Researchers are mixing cane mulch with coal to create a lower-emissions fuel source.

An international team has analysed the impacts of combining crop residue such as sugar cane mulch with coal in a chemical engineering process known as gasification, to generate electricity.

“We used a simulation platform to model and assess the impacts of combining this gasification with carbon capture and storage technologies to generate an environmentally friendly power source,” said University of Queensland PhD candidate Liang Cao, who was part of the team.

“The model proved we could not only generate electricity without carbon emissions, but could also remove existing carbon dioxide from the atmosphere.”

Mr Cao said carbon negative technologies could help countries achieve their Paris Agreement goals.

“We focused our modelling and analysis on China, as it is the largest manufacturing country in the world and is facing serious problems around air pollution and huge carbon dioxide emissions,” he said.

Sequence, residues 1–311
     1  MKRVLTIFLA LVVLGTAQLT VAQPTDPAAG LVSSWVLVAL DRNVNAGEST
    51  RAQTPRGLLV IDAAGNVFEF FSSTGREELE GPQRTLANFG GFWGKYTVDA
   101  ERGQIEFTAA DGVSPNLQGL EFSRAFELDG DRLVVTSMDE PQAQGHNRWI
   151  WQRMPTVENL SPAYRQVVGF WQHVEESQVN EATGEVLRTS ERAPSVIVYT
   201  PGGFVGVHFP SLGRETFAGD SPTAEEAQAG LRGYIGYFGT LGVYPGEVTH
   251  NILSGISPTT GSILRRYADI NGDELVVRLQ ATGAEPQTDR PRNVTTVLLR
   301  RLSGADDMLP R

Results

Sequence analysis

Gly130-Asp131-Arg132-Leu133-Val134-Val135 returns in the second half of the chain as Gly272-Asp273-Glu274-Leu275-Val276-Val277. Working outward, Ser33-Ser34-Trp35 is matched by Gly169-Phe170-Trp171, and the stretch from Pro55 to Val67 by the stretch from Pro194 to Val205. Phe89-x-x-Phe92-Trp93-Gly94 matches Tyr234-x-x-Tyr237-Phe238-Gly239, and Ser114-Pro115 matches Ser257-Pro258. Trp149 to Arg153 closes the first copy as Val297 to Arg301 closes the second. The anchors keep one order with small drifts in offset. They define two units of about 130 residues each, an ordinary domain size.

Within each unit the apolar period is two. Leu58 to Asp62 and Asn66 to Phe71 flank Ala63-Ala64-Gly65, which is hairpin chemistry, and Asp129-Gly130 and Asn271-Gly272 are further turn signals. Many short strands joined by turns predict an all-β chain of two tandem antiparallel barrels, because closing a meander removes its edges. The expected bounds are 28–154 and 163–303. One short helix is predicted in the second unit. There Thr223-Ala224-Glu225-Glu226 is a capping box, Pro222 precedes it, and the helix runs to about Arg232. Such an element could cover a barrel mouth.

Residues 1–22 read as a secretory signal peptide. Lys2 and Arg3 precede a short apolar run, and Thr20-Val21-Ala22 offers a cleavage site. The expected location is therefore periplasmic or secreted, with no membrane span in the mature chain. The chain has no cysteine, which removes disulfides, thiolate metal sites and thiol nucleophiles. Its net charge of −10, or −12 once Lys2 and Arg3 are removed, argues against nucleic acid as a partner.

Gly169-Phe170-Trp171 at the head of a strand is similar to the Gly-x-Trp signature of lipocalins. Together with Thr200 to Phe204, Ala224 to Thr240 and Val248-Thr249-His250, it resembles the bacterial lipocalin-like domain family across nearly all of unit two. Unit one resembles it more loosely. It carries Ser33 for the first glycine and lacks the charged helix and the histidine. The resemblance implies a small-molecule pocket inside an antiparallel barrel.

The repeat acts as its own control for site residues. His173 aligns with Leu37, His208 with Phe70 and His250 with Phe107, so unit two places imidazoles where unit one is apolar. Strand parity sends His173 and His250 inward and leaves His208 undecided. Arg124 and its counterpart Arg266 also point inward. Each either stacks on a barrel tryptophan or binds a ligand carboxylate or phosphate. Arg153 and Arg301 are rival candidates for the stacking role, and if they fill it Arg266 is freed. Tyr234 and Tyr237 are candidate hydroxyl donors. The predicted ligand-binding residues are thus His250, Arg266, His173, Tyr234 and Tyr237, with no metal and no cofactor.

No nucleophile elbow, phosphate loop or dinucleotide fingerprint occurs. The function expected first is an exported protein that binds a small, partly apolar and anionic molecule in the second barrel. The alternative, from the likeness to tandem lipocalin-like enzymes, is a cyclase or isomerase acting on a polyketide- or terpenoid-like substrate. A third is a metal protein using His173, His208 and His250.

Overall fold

“Our paper provides critical insights for designing a strategy in China to harness air-quality benefits while laying the foundation for achieving negative carbon emissions in the long run.”

Mr Cao said the results could be applied in countries such as Brazil and India, which also face serious air pollution from biomass burning.

“It could also provide Australia with a smooth transition from high-carbon emission electricity production to low-carbon emissions.”

Associate Professor Xi Lu from Tsinghua University said with full implementation of a carbon market in China, low-carbon technology could prove to be more economical than existing coal-fired powered plants.

The study is accessible here.